Parents should also note that traffic along Baroona and Haig Roads can be intense, and there is no off-street parking whatsoever. While Gregory Park's size affords more street-side parking than many inner suburban parks, coming by car on a busy day can mean performing lap after lap of the Rosalie area in vain. During school terms, also, the fact that Gregory Park shares a substantial part of its western border with Milton State Primary School means increased congestion and decreased speed limits on roads in the vicinity.
These caveats uttered, however, I feel no qualms about celebrating Gregory Park as one of the most pleasant and versatile in the inner Northwest. In the years since I have been a regular visitor, I have seen Gregory Park host everything from social cricket and soccer matches through to a production by local theatre troupe Grin 'n' Tonic of A Midsummer Night's Dream; from Milton State School events such as the annual "On the Green" community fair through to Council-run Active Parks activities such as fitness boot camps and Super Seniors exercise classes; from wild Irishmen practising their hurley strokes through to sleeping sunbathers stretched out on towels. Wheelchair access and a toddler sand-play area add to the range of options for families and friends looking for a nice place in which to relax or celebrate together; and in addition to the attractions of the park itself, the shopping and dining areas of Centro Milton and Rosalie Village are just a short walk away. Morning exercise sessions can thus be conveniently and gloriously wasted, while sunset strolls under the spreading branches of the figs can end in your choice of romantic dining experiences.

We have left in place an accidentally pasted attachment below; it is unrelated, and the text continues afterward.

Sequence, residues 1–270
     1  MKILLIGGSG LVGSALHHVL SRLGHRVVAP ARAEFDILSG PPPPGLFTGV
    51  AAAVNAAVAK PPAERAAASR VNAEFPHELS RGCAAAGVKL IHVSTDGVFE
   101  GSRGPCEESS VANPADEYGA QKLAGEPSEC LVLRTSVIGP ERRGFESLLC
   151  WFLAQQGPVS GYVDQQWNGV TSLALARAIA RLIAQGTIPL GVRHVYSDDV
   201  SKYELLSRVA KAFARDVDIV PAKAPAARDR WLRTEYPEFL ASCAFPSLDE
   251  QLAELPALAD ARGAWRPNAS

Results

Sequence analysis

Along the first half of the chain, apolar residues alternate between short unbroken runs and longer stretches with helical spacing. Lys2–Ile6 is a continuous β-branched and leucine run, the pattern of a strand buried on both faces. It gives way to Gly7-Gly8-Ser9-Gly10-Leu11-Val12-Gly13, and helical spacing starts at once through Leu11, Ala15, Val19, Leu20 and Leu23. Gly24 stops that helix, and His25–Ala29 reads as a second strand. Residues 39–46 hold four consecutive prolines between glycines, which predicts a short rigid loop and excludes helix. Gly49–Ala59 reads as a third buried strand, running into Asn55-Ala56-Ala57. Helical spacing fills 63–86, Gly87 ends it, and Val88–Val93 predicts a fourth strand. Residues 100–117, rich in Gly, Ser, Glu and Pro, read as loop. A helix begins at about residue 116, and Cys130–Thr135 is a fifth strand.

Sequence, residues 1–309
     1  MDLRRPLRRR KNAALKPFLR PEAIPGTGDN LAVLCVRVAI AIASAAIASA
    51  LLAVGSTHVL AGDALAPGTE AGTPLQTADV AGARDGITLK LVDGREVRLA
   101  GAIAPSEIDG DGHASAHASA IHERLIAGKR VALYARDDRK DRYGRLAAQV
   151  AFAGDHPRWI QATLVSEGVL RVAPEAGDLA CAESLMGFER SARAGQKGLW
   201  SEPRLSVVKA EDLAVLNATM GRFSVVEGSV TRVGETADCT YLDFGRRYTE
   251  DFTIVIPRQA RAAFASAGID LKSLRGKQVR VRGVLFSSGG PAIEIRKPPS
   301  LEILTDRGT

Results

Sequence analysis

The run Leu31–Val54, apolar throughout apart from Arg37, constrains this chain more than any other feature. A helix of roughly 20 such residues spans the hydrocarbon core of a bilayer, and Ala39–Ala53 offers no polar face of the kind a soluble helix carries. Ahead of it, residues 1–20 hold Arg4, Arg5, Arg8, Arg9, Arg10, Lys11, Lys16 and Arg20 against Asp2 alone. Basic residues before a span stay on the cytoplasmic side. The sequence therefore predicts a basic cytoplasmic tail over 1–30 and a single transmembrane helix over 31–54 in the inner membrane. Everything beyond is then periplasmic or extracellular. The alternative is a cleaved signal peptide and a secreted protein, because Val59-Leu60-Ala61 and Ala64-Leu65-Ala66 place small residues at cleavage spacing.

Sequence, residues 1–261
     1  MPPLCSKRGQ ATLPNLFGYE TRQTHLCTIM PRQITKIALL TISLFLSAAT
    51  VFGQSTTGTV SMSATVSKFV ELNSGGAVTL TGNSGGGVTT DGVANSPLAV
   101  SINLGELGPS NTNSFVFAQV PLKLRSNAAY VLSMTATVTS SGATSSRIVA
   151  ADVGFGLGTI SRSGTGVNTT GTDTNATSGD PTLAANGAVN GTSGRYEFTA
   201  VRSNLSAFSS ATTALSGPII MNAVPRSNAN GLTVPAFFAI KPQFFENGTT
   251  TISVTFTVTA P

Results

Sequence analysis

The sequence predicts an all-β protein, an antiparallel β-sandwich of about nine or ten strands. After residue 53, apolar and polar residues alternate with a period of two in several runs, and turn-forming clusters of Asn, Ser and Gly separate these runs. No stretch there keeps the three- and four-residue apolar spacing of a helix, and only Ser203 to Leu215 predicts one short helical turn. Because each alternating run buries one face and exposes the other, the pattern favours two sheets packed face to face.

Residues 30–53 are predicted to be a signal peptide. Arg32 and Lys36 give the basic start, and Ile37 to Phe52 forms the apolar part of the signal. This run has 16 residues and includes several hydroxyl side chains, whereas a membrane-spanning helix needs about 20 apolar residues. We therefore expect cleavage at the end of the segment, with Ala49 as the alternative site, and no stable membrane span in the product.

The range of leisurely possibilities in this old and well-loved space is only set to expand, moreover, as in mid-2012 Gregory Park becomes one of twenty across Brisbane to host a hotspot on the Council's free public Wi-Fi network. At this point it is very likely that His Nibs, Her Ladyship and I will simply move in and set up a permanent base-camp. Be sure to pay us a visit if you're passing through—unless it's raining, in which case the best place to look for us will be under the heaters at Avant Garde Patisserie down the road. See you there.